Purchase this article with an account.
Y. Takai, R. Sugawara, A. Yoshida, A. Takai; The Electrophysiological Property of the Sodium Channel in Freshly Isolated Bovine Ciliary Smooth Muscle Cells . Invest. Ophthalmol. Vis. Sci. 2005;46(13):3320.
Download citation file:
© ARVO (1962-2015); The Authors (2016-present)
Purpose: To characterize the electrophysiological properties of activation and inactivation of the voltage–gated sodium channel recorded from the bovine ciliary muscle cells Materials and methods: Smooth muscle cells dispersed from the bovine ciliary body by collagenase treatment were used. Membrane currents were recorded by whole–cell voltage clamp patch–clamp experiment. Unless otherwise mentioned, the holding potential was set at –80 mV. The bath was perfused with a HEPES–Krebs solution (pH 7.4, 30 °C), and borosilicate–glass pipette electrodes were filled with 100 mM–Cs+ solution containing 70 nM–Ca2+ and 200 µM–GTP (pH 7.0). Results: In the isolated ciliary muscle cells, an inward current having a peak (–40 to –200 pA) at –10 ± 2 mV (n=4) was evoked by applying a ramp voltage pulse ascending from –120 to +80 mV at the rate of 1 V/s. No inward current was observed when a ramp command pulse descending from +80 to –120 mV was applied. The currents evoked by ascending voltage pulses were inhibited by extracellular application of tetrodotoxin in a dose–dependent manner (Ki=3.1 nM, n=21), whereas they were not affected by either carbachol (2 µM) or verapamil (1 µM). Essentially similar voltage dependence and sensitivity to tetrodotoxin were observed for inward currents invoked by rectangular voltage pulses (110 to 80 mV in 10 mV step, 100 ms duration). The inward currents invoked in response to the test commands to 0 mV was strongly inhibited by applying a depolarizing pre–pulse (–80 to +80 mV, 5 s duration) immediately prior to application of the test commands. The peak current amplitude was steeply reduced from the control level to zero in the pre–pulse range from –70 to –30 mV. A 50 % inactivation occurred at the pre–pulse potential of –46 ± 2 mV (n=13). When all extracellular monovalent and divalent metal cations were isosmotically replaced with Ca2+, small but clearly monitored inward current was observed. Conclusions: The bovine ciliary muscle possesses a voltage–dependent sodium channel similar to the ones widely distributed in neurons or skeletal muscle. This channel, which is measurably permeable to Ca2+, may serve as a pathway for Ca2+ entry from the extracellular space in the early phase of the contraction.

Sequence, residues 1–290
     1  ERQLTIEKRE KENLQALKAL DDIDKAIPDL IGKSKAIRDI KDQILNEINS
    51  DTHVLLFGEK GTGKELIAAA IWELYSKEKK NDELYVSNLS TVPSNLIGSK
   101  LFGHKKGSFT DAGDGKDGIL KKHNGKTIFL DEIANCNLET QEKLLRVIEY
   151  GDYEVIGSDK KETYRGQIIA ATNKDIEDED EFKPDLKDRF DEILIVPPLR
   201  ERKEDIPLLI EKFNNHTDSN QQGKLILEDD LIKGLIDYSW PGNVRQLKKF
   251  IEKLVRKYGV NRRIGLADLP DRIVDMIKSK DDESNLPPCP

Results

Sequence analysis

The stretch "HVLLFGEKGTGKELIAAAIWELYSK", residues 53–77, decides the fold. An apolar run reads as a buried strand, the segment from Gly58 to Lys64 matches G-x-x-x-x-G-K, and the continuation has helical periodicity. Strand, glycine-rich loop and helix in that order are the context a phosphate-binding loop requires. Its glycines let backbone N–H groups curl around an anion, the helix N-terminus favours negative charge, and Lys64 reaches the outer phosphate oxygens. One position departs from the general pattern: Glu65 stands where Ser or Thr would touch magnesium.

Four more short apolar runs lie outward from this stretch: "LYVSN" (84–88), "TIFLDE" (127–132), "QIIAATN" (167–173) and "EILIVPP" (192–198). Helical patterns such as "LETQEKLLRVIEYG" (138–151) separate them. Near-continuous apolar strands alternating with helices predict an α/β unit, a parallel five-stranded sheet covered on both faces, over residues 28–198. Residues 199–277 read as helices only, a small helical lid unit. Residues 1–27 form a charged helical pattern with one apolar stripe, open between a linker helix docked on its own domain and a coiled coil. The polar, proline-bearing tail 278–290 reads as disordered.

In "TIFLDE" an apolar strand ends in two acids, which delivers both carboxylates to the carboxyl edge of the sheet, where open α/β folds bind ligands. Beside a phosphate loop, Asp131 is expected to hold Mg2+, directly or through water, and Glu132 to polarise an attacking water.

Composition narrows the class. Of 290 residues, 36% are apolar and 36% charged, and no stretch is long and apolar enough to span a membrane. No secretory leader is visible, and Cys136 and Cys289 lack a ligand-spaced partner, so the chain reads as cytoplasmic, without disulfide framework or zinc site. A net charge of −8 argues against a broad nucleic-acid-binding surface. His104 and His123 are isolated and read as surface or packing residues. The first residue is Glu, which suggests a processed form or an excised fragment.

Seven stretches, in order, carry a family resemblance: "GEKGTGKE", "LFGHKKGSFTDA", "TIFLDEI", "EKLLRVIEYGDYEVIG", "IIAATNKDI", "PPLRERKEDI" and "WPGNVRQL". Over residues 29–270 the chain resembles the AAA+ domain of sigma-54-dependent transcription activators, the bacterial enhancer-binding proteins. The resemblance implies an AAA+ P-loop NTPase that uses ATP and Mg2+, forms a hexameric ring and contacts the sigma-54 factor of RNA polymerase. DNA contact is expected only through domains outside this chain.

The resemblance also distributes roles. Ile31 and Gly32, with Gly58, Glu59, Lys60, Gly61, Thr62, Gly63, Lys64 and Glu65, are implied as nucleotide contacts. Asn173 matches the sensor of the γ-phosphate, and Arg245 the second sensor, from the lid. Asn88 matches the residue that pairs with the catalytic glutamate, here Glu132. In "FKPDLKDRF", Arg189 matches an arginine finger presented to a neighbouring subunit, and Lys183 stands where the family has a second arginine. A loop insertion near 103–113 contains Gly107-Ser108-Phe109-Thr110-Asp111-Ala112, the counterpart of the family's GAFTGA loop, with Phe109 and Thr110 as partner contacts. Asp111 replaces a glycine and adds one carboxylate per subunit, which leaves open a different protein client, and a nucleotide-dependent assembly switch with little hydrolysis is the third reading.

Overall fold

This PDF is available to Subscribers Only